Topical corticosteroid creams and ointments are classified numerically by potency from strongest to weakest 1 – 7. The implication is that the weakest probably won’t do much good but will cause no harm, to the strongest that will cure everything quickly but requires a little care in its usage.

Wherever a doctor cannot do good, he must be kept from doing harm.

The number system is a guide but is often quoted in gospel fashion. Practitioners will often tell their patients, “Don’t worry it is a low strength cream, no problem, you can put it on your face, you can use it four to five times a day, you should not have any difficulty even in classes 5 – 7.”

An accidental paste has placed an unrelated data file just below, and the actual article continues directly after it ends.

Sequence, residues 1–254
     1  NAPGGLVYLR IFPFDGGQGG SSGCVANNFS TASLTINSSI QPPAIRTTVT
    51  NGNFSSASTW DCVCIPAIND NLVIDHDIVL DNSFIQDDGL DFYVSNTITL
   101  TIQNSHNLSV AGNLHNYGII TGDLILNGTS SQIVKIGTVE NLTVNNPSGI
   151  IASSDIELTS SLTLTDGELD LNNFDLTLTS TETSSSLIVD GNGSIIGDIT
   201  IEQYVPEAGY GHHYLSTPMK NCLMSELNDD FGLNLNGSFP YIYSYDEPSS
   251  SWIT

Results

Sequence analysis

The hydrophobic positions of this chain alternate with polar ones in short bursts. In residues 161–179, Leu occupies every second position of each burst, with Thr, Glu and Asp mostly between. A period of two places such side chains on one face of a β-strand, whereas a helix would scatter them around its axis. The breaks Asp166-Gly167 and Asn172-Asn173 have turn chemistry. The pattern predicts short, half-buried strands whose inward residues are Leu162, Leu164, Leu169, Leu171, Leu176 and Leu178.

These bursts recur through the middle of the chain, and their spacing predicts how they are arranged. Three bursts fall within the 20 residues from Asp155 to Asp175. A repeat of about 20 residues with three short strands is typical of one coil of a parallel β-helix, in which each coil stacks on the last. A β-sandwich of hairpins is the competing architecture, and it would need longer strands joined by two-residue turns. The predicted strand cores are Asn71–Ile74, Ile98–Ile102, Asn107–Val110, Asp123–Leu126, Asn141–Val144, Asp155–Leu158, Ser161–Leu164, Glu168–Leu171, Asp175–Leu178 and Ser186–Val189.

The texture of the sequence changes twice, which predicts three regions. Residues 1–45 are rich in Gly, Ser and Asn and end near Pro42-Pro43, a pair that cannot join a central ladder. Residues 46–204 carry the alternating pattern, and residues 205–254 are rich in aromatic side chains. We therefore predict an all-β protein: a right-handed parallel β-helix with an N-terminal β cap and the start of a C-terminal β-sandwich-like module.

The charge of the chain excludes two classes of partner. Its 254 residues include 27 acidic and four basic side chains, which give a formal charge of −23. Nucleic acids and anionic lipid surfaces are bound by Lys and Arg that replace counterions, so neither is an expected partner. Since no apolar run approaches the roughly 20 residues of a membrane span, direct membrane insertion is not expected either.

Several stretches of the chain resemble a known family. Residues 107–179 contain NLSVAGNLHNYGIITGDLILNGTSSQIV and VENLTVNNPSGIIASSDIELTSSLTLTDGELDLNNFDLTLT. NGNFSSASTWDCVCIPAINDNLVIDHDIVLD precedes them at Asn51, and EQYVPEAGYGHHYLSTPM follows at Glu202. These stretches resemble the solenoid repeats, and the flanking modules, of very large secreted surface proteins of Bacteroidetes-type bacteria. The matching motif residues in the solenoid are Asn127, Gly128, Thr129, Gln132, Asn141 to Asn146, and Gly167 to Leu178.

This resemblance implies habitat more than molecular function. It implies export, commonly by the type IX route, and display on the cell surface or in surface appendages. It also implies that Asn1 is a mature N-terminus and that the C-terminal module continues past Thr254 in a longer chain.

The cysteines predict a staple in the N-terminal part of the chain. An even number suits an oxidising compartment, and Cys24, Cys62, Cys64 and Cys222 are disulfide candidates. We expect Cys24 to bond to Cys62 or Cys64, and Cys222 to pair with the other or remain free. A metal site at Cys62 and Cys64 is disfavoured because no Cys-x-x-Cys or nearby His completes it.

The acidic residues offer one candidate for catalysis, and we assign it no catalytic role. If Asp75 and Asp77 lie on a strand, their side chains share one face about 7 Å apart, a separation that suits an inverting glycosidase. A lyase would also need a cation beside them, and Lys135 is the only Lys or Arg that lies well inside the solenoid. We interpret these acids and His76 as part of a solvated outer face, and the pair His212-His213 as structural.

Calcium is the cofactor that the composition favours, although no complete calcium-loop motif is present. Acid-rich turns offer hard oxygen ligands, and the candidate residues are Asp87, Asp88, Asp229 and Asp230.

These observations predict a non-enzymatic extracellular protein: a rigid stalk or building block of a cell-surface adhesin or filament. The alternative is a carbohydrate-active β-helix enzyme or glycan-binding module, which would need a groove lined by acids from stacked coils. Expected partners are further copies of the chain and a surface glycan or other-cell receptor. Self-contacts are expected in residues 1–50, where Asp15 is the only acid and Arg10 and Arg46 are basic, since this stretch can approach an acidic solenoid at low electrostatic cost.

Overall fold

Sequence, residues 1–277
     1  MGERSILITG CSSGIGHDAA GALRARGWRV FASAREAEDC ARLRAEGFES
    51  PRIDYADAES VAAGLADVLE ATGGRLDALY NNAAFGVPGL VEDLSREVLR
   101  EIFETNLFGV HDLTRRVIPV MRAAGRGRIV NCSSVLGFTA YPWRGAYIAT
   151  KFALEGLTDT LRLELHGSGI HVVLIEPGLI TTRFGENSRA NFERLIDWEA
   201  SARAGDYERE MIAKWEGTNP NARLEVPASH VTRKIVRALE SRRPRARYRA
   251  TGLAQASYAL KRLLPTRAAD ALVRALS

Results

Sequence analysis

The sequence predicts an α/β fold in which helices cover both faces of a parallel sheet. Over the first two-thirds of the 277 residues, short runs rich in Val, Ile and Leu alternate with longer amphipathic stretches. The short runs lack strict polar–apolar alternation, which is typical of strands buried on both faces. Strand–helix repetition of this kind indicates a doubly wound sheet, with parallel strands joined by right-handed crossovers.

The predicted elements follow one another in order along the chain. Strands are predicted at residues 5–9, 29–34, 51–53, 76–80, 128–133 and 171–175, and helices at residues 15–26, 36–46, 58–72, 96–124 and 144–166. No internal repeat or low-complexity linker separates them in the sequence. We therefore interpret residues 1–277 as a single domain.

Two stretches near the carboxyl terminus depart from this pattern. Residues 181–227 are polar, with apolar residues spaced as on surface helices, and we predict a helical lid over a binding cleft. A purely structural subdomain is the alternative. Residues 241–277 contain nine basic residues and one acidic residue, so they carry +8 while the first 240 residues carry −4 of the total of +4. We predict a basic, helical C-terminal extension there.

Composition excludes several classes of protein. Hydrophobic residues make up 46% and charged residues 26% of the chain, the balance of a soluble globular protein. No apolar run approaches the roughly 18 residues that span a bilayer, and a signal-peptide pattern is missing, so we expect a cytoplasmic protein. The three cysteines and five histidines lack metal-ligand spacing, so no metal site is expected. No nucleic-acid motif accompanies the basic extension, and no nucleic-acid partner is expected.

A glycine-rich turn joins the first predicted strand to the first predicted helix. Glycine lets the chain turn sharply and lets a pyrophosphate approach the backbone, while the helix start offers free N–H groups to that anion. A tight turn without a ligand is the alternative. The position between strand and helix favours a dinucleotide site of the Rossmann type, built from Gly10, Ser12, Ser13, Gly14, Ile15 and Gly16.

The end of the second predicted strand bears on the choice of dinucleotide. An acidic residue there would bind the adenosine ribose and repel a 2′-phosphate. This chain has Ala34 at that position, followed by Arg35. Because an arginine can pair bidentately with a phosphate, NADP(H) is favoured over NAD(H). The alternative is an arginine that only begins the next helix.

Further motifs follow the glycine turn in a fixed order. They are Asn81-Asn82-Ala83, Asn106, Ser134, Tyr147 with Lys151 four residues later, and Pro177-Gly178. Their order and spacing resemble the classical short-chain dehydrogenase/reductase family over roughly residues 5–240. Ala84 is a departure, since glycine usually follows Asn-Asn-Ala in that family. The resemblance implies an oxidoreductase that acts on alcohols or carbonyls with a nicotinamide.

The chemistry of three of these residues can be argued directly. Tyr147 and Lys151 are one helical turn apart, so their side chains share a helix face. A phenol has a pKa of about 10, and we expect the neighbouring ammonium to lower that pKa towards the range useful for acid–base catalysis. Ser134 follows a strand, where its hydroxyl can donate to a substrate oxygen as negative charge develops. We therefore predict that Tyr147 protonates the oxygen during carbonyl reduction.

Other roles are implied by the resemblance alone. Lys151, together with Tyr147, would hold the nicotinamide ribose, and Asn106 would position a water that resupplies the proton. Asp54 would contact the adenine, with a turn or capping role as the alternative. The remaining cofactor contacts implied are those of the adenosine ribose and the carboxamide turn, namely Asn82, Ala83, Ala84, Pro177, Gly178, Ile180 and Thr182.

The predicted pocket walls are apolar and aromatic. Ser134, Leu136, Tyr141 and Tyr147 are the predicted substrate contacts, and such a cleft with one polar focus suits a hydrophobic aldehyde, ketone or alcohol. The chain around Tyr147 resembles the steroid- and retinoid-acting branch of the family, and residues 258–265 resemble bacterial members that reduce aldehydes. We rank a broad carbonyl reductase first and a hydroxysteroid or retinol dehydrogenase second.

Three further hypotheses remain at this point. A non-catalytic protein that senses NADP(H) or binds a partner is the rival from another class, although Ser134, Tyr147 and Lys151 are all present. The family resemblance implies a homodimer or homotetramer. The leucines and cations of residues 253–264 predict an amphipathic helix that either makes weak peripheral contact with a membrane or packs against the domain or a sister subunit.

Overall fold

These comments are really untrue because strict adherence to manufacturers recommendations are rarely followed, the classification system is impacted by the vehicle into which the chemical is compounded, and is also heavily influenced by how and where the chemical is applied.

Is it a lotion, a cream, an ointment, or a gel? Is it applied under saran wrap to get better penetration? Is it rubbed in vigorously or just dabbed on? Is it applied two, three or six times a day? Is the patient compulsive or lackadaisical? Furthermore is it applied in the armpits, in the groin, on the face or on the trunk? Or is it applied to the palms of the hands or soles of the feet where absorption is minimized due to the thickness of the skin.